Things to Remember When Selecting an Active Fund Manager

These are simply some musings on active manager research; seemingly random, but hopefully linked by a common thread:

– The more PhDs in a team, the greater likelihood that a fund will blow up. This is tongue-in-cheek comment, but underlying it there is an important point about complexity. It is perfectly acceptable not to invest in a strategy because you don’t understand it. Furthermore, academic pedigree can easily make investors unnecessarily complacent about the robustness of a fund.

– Fund groups will always find some room in their strategy for you, capacity limits are more flexible than you think.  Incentives matter – you should never be reliant on an asset manager to tell you when they have reached capacity in a fund (particularly if they are listed) and, if you are waiting for them to tell you, it is probably too late.

– Although the majority of active managers underperform the market, the majority of slide decks produced by active managers will show them outperforming. The slicing and dicing of performance numbers is a constant wonder.

– Just because a Brinson attribution report shows a positive ‘selection effect’, it doesn’t mean there is ‘alpha’ – it is probably just a style bias. The term ‘alpha’ is banded around with abandon when discussing fund manager performance often without any clarity about what that actually means. Perhaps the most common is stock / sector decomposition – which tells you nothing about style / factor skews.

– The majority of excess return in fixed income strategies comes from assuming additional credit risk. Another attribution problem – this time for credit – is the persistent overweighting of credit risk (relative to the benchmark). Attribution for credit managers is fiendishly difficult but is an investment grade manager permanently overweight high yield skilful?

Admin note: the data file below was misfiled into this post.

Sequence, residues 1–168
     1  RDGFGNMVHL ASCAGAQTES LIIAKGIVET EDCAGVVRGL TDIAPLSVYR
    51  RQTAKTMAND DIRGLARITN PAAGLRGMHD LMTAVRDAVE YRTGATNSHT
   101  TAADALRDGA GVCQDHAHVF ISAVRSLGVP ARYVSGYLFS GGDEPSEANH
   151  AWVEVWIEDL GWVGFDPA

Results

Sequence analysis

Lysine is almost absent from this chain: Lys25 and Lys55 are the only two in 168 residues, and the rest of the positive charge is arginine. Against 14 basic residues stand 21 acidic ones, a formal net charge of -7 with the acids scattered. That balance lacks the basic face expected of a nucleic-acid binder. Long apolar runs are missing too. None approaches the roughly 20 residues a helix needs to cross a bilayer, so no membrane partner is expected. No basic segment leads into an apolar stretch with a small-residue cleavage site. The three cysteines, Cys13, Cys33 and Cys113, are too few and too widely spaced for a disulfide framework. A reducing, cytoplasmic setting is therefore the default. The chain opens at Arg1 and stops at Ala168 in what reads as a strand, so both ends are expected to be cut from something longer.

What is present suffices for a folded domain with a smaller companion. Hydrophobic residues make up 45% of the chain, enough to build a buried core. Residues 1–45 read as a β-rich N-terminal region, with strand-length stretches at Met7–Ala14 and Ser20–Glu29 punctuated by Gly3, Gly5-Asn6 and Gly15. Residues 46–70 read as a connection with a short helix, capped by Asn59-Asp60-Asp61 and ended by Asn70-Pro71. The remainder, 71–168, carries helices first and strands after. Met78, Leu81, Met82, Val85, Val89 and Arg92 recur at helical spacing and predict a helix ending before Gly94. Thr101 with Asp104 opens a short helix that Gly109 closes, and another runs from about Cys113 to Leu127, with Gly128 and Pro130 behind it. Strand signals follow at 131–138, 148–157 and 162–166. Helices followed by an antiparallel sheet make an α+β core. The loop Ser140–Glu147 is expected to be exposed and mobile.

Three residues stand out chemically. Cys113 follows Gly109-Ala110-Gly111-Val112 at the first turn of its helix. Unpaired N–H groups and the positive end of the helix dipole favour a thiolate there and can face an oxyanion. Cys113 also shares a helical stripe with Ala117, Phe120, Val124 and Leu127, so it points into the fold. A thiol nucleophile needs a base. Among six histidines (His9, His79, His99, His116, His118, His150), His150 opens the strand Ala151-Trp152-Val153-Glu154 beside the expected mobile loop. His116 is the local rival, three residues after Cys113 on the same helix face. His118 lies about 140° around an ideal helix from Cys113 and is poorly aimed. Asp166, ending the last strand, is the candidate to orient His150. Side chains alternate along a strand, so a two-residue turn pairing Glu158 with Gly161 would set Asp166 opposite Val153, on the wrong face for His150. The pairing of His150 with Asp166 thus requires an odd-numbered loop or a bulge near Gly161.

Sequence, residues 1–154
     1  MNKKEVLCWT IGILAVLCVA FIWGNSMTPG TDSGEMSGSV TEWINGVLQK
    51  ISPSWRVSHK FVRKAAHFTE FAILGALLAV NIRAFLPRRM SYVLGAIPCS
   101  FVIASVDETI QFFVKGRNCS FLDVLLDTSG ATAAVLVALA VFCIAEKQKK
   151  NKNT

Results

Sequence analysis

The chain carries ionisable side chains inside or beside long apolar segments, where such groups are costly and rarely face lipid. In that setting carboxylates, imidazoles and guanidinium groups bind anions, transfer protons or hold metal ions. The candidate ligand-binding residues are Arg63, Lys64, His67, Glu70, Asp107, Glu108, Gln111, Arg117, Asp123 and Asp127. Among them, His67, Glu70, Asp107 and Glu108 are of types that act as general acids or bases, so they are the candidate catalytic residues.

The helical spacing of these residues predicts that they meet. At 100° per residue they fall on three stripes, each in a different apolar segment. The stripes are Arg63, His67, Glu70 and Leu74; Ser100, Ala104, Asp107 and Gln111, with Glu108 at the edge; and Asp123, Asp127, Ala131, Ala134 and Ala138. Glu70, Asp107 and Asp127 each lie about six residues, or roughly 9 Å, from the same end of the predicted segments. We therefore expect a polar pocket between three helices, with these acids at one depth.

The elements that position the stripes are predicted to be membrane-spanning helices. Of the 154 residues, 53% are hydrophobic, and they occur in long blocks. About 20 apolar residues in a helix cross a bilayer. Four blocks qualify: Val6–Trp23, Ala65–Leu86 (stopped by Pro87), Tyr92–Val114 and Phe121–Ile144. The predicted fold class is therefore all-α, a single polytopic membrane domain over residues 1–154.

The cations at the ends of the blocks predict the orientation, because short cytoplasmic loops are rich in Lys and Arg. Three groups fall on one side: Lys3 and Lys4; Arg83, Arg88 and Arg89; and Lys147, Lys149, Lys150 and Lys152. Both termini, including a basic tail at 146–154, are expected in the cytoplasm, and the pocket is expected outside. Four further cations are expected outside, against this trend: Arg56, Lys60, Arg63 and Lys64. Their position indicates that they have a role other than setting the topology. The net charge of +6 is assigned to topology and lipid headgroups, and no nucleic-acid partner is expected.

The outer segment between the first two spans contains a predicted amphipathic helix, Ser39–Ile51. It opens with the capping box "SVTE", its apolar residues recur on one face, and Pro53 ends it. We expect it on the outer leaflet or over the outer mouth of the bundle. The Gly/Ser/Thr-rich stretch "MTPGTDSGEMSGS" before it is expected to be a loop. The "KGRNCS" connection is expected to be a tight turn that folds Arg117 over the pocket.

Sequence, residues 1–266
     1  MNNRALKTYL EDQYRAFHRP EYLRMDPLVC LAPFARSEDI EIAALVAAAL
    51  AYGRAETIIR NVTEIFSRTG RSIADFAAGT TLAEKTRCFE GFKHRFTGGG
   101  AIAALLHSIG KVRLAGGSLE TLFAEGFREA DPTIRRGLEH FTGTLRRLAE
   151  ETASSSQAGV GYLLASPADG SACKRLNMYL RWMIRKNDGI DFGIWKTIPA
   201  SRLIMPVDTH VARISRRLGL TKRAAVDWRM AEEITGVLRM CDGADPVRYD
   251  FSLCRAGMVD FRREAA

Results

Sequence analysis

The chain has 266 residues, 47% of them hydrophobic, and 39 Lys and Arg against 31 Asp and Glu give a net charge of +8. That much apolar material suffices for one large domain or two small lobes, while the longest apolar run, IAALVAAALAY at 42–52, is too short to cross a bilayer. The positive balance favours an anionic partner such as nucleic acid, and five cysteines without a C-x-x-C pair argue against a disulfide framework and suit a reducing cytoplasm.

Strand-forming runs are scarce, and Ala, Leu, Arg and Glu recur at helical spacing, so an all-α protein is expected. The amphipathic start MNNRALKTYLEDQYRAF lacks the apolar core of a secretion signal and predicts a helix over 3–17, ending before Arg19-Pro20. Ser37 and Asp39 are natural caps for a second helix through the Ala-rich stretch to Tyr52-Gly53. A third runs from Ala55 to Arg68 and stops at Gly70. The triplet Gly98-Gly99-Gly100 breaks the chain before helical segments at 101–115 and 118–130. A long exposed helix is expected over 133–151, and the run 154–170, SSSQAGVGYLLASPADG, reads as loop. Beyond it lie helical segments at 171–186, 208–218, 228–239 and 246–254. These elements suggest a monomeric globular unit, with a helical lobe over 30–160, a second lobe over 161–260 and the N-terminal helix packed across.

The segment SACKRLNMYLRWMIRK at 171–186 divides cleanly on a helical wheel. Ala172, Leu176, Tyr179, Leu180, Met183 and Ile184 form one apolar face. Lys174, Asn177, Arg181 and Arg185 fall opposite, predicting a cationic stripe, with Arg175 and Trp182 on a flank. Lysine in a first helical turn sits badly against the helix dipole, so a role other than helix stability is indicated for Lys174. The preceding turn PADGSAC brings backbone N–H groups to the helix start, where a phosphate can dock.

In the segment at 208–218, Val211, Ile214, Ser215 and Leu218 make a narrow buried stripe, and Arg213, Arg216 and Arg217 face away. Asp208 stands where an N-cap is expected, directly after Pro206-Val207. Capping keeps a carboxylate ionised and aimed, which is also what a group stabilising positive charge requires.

– Unless you believe that many fund managers can time the market (they can’t), then performance consistency is an example of luck or the derivative of a persistent style bias. It is rarely skill.  I still don’t understand the obsession with short-term performance consistency in the industry – the focus on this does much more harm than good in promoting the right type of active management.

– You will never really know the inner workings of the team running the fund you are researching. No matter the quality of your due diligence, your understanding of the characters, relationships and motivations within an external team will always be partial.

– Diversity for many (UK) asset managers means hiring white men from both Oxford and Cambridge. There is too much virtue signalling and not enough action on diversity in the industry.

– Ego / arrogance is not a necessary or positive trait for a fund manager. I often hear people absolve certain fund managers for being ferociously arrogant on the basis that they need to have high levels of confidence to ‘bet against the market’. This is nonsense – good fund managers will be wrong (a lot) and need both humility and a willingness to learn; believing that their views are unimpeachable or that they are infallible is the obverse of this.

– At least 90% of equity managers say they are buying quality companies (barriers to entry etc…) that are undervalued.  This should tell you something.